The Risks of Hardcoding Secrets in Code Generated by Language Learning Models

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*Originally published on SC Media

It’s undeniable that machine learning, particularly Language Learning Models (LLMs), has paved the way for groundbreaking advancements in many fields, including code generation. However, this innovation is not without its inherent risks. One prominent issue that has surfaced is the potential for these models to generate code with hardcoded secrets, such as API keys or database credentials. This practice stands in stark contrast to the recommended way of managing these secrets – through a secrets manager.


Understanding Hardcoded Secrets

Hardcoded secrets refer to sensitive data that are directly embedded in the source code, including database credentials, API keys, encryption keys, and other types of private information. While this may seem like a convenient method of storing and accessing this data, it poses significant security risks.

If this code were to fall into the wrong hands, those secrets would be exposed, and the associated services could be compromised. Furthermore, hardcoding secrets in your source code can be problematic if you need to rotate keys or change passwords, as you would have to change the code itself, recompile, and redeploy the application.

The Role of Language Learning Models

Language Learning Models, such as GPT-4 by OpenAI, have exhibited an impressive ability to generate code snippets based on given prompts. Although they are designed to understand the context and generate code that aligns with best practices, they may occasionally produce code with hardcoded secrets due to the nature of the training data they were fed.

For instance, if the training data includes numerous code snippets with hardcoded secrets, the LLM might replicate that pattern. It’s important to note, however, that the model doesn’t inherently understand the concept of “secrets” or their security implications. It merely mimics the patterns it has observed during training.

The Influence of Documentation on LLMs

Language Learning Models like GPT-4 are trained on a diverse range of data, which can include public code repositories, technical blogs, forums, and, importantly, documentation. When these models encounter repeated patterns across the training data – like hardcoded secrets in code snippets – they learn to replicate those patterns.

The code generated by LLMs is a reflection of what they have ‘seen’ during training. So, if the training data includes examples of hardcoded secrets in code snippets, it’s possible the LLM will generate similar code.

The Documentation Dilemma

While it’s easier to hardcode secrets in example code, it is crucial that documentation writers balance simplicity with responsible coding practices. A disclaimer can be added to indicate that the code is for illustrative purposes only and that in a real-world scenario, secrets should never be hardcoded.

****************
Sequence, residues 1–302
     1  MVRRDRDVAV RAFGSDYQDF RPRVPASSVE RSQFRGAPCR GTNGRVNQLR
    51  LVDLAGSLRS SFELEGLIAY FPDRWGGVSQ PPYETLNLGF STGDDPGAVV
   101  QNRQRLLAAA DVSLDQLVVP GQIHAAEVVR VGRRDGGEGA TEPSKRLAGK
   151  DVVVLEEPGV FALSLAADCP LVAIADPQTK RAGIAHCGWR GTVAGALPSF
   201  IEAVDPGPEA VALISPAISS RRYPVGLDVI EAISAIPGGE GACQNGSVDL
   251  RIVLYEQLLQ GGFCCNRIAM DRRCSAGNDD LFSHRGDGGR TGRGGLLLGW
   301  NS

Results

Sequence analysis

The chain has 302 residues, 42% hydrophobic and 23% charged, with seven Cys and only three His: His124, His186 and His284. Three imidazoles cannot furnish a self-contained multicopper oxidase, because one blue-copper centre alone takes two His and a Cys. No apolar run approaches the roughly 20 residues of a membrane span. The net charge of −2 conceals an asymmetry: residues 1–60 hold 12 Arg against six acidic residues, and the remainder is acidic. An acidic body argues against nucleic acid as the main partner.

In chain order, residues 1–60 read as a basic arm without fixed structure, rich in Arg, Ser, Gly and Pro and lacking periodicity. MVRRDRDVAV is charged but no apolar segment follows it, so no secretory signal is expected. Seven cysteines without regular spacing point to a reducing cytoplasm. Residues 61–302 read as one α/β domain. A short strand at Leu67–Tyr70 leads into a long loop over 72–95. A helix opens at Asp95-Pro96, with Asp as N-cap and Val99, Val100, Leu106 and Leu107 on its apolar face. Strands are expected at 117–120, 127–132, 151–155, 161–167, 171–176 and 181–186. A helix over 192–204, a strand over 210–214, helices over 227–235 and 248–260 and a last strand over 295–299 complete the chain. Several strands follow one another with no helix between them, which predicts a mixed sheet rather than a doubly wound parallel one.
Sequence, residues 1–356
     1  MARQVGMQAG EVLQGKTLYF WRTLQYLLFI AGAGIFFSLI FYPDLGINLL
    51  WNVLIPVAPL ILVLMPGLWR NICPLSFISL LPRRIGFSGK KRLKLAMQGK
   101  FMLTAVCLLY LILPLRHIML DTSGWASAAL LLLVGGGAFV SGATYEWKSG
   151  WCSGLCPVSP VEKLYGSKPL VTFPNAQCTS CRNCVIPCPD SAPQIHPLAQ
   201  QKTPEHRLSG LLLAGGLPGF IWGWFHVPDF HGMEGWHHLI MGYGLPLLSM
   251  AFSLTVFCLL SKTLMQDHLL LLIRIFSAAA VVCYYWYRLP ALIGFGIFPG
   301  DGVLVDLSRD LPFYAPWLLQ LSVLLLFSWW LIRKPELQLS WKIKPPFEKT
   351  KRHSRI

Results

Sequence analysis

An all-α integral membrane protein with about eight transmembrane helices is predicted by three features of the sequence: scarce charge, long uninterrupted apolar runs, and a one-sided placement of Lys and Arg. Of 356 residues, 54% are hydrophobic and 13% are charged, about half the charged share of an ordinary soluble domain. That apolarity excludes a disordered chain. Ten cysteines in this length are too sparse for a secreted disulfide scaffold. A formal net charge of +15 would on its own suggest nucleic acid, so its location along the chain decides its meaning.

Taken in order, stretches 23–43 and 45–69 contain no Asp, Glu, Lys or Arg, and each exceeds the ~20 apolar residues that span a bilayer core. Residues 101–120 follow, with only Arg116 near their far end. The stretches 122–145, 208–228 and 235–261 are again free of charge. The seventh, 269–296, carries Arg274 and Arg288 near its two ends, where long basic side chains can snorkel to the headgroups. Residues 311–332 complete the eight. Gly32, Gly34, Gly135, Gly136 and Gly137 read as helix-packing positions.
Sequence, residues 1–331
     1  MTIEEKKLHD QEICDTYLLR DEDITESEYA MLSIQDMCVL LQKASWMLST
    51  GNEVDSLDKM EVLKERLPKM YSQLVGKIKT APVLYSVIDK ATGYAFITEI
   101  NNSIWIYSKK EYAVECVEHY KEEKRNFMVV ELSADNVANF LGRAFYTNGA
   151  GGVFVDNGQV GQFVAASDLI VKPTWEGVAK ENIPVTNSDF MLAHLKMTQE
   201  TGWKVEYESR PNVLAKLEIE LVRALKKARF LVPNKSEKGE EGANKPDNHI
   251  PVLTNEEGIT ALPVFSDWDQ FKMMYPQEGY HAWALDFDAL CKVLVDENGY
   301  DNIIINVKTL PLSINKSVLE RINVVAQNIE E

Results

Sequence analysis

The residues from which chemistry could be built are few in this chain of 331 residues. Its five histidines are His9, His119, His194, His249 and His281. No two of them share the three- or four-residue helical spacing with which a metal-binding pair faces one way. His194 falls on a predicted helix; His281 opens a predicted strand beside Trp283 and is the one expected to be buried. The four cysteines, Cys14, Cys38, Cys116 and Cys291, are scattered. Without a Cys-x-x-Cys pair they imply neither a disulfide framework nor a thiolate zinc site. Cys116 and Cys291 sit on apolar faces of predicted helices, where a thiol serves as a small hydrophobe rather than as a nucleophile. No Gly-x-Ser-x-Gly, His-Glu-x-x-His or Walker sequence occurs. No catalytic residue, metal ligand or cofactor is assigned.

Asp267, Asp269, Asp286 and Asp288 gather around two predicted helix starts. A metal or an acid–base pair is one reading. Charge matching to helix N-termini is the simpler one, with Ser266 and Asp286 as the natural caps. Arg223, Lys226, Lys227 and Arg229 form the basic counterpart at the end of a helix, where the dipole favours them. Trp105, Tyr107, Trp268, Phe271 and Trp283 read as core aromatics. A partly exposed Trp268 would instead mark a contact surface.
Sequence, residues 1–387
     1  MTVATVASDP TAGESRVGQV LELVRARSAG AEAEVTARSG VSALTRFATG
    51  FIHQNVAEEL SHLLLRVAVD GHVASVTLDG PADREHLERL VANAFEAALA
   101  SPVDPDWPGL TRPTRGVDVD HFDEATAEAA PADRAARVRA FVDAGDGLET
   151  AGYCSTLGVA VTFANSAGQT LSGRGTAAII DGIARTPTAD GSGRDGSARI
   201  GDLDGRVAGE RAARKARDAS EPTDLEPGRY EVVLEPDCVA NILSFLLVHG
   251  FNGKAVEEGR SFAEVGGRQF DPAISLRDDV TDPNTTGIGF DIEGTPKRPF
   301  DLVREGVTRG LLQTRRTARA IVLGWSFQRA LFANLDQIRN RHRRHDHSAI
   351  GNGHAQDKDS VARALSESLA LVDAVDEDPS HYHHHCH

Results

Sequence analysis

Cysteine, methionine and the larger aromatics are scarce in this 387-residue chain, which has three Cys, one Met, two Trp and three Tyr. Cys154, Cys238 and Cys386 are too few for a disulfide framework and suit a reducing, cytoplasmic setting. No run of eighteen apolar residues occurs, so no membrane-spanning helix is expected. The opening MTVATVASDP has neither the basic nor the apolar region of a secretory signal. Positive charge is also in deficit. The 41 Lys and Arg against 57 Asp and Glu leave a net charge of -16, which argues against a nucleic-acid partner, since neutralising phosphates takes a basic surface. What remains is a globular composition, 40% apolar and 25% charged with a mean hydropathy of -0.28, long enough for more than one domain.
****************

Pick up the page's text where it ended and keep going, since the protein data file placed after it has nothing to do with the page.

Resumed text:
However, it would be even better if the documentation provided examples of how to use secrets managers or environment variables for handling sensitive data. This way, readers would learn how to apply best practices from the very start, and LLMs trained on these examples would generate more secure code.

The Importance of Secrets Management

Secrets management refers to the process of securely storing, managing, and accessing sensitive data like API keys, passwords, and tokens. Secrets managers like HashiCorp Vault, AWS Secrets Manager, or Azure Key Vault offer a more secure and scalable way to handle secrets. They typically provide features such as automatic encryption, access control, auditing, and secrets rotation.

By using a secrets manager, sensitive data never needs to be embedded in the code, thereby mitigating the risk of exposing secrets. Additionally, when the secret values need to be changed, it can be done directly in the secrets manager without touching the codebase.

Mitigating the Risk

There are several strategies to mitigate the risk of hardcoded secrets in code generated by LLM:

  1. Post-Generation Review: Perform a thorough review of the generated code. This should include manually checking for hardcoded secrets and using automated tools that can scan for potential issues.
  2. Training Data Sanitization: If possible, sanitize training data to exclude code snippets with hardcoded secrets to reduce the likelihood of the LLM replicating this insecure practice.
  3. Prompt Optimization: Optimize the prompts to explicitly request code that uses secrets management. This could lead to the LLM generating code that follows this best practice.
  4. Model Tuning: If you have control over the model training process, consider tuning the model to penalize the generation of hardcoded secrets.
  5. Use Secret Detection: Apply a secrets detection tools on code generated by LLM, in various flows from PR to pre-commit and pre-receive. This will mitigate this type of issue in a way similar to a developer making this mistake.

Although LLMs are powerful tools for code generation, it’s crucial to be aware of the potential security risks, such as hardcoded secrets. Ensuring good practices in handling sensitive information is a fundamental part of responsible AI use and development.

How Cycode Can Help

Cycode helps find and fix hardcoded secrets, prevents new hardcoded secrets from being introduced, and reduces the risk of exposure by immediately scanning leaked code for secrets. Cycode offers robust, continuous hardcoded secret detection that identifies any type of hardcoded secret anywhere in the SDLC – whether created by human or machine. 

Learn more about how Cycode can help you detect secrets now at


Originally published: June 4, 2023